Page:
The Witches' New Year

Samhain is a time for both honoring the dead and celebrating renewal.

BY: Starhawk

 

Before reading Starhawk's essay, listen to the chant sung by Starhawk and her Reclaiming friends:

A year of beauty. A year of plenty.
A year of planting. A year of harvest.
A year of forests. A year of healing.
A year of vision. A year of passion.
A year of rebirth.

This year may we renew the earth.
This year may we renew the earth.

Let it begin with each step we take.
And let it begin with each change we make.
And let it begin with each chain we break.
And let it begin every time we awake.

--Chant from the
Reclaiming Samhain Celebration

Samhain--pronounced sow-(rhymes with now)-in--more popularly known as Halloween, is the Witches' New Year, Wicca's most solemn and festive holiday. In my book "The Spiral Dance," I describe it as "the night when the veil is thin that divides the worlds...when the harvest is gathered and the fields lie fallow. The gates of life and death are opened and to the living is revealed the Mystery: that every ending is but a new beginning."



For Pagans, death and birth are intertwined. Our goddesses and gods all represent aspects of the cycle of birth, growth, death, and regeneration. Every good gardener knows that fertility is born out of decay. Every fallen leaf becomes part of the soil that feeds the roots of growing trees.



A public ritual to acknowledge the dead is a statement that grief is valued.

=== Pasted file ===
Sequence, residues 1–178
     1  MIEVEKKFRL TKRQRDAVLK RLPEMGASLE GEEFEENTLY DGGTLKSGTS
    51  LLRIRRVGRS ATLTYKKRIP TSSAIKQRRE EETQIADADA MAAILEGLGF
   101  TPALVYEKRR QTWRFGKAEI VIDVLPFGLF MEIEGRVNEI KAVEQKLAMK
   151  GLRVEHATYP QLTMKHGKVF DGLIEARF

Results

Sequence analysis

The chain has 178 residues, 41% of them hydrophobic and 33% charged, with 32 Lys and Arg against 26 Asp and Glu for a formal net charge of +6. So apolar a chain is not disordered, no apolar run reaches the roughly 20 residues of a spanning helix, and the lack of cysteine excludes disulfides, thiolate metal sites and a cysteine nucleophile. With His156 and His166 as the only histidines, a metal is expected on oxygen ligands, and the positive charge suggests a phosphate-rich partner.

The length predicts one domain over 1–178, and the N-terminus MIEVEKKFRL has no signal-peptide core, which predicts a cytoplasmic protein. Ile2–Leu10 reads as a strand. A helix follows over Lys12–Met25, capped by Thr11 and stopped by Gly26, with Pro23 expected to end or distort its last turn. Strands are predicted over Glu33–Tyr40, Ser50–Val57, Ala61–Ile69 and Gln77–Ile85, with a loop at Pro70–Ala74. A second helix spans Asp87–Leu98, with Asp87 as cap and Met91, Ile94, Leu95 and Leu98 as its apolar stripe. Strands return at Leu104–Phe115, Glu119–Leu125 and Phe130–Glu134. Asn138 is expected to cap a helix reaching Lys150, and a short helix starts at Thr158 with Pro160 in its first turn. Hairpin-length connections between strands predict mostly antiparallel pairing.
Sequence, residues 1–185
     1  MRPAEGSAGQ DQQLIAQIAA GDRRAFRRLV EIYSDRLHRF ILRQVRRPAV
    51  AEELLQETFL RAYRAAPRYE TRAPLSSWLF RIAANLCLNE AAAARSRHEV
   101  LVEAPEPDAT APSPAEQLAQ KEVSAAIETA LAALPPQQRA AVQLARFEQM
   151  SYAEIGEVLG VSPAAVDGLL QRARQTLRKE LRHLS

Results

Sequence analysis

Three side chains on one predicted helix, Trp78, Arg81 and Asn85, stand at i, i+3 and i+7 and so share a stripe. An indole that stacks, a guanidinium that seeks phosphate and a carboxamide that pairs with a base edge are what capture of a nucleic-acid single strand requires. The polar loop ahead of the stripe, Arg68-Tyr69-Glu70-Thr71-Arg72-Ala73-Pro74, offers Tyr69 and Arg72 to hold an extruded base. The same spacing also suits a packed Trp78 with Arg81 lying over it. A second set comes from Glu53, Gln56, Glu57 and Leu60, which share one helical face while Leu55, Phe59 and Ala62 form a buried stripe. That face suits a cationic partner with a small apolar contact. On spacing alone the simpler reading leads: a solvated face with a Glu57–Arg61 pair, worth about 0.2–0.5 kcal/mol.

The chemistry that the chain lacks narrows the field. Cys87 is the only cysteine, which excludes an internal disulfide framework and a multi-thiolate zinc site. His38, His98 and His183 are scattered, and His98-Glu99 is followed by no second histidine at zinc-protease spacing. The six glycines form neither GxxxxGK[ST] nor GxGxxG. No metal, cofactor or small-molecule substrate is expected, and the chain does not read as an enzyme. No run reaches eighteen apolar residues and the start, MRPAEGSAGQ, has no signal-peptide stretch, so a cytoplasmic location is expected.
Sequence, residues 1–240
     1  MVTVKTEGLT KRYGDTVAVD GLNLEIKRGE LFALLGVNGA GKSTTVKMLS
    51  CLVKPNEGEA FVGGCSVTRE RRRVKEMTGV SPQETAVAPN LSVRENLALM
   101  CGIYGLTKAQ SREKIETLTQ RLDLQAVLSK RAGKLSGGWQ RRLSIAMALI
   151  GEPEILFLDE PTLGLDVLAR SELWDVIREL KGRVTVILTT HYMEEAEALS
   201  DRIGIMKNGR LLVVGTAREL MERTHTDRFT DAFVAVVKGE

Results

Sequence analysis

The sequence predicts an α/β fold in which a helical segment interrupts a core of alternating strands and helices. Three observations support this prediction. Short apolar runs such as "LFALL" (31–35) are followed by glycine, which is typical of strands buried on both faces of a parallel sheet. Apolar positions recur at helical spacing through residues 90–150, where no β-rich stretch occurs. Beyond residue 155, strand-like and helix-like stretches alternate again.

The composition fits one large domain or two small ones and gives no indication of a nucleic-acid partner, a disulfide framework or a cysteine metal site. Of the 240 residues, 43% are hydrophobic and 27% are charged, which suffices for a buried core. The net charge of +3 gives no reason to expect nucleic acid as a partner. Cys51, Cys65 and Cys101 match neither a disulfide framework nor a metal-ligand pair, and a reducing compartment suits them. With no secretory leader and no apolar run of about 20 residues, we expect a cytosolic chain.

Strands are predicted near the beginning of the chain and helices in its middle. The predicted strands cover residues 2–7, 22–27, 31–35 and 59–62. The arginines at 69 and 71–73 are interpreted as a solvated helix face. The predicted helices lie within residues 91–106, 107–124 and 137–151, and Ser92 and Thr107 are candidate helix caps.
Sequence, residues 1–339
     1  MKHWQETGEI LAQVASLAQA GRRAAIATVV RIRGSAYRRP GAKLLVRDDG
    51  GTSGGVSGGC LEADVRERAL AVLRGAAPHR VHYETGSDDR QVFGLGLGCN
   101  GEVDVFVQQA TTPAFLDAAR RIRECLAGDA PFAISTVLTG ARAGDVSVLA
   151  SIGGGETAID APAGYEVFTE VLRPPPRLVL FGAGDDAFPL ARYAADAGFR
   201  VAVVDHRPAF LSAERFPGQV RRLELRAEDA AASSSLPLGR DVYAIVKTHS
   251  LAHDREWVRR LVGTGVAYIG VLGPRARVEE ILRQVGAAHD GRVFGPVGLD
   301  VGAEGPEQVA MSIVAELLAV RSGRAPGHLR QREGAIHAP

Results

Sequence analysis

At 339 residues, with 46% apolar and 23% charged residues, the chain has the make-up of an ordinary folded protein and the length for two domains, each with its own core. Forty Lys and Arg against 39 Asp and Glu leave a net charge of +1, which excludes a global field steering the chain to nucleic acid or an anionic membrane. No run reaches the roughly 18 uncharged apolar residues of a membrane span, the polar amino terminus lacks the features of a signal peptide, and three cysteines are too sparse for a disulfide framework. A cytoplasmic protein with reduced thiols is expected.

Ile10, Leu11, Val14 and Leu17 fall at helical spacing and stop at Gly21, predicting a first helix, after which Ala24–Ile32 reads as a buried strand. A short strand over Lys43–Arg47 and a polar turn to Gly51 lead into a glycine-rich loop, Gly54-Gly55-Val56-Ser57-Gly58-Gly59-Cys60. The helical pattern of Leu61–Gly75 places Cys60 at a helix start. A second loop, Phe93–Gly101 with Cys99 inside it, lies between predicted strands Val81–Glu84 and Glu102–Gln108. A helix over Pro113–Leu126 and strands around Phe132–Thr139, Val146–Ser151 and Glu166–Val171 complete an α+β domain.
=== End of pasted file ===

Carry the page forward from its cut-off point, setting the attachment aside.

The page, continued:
Pagans have no dogma that must be accepted. Our spirituality centers on experience, not faith. Yet if we were to hold one common belief, it might be that our individuality lives on after death. We remain part of our communities, alive and present in a different realm.



At Samhain, we take time to remember and commune with those who have gone before, to express gratitude for what they've given us. In our frantic pace, we tend to forget our past. Few of us know much about our families beyond a generation or two back. Remembering the dead can help us keep a sense of connection to our roots.



In my home, we set up an altar for our ancestors, a custom we've borrowed from our Latino neighbors, who also honor the dead at this time of year on

El Dia de los Muertos

(The Day of the Dead), November 2. We put up old family pictures and mementos. We make an ancestor dinner, cooking our families' favorite ethnic foods, and spend an evening telling stories about our lost loved ones.



The next generation will know the picture of my Uncle Hi in his WWII uniform, who always said that he joined the Navy because it was a clean life, but he didn't know who cleaned it until he got in. My partner, David, might tell how his father was a champion swimmer, or I might sing one of my grandmother's songs.


Continued on page 2: »

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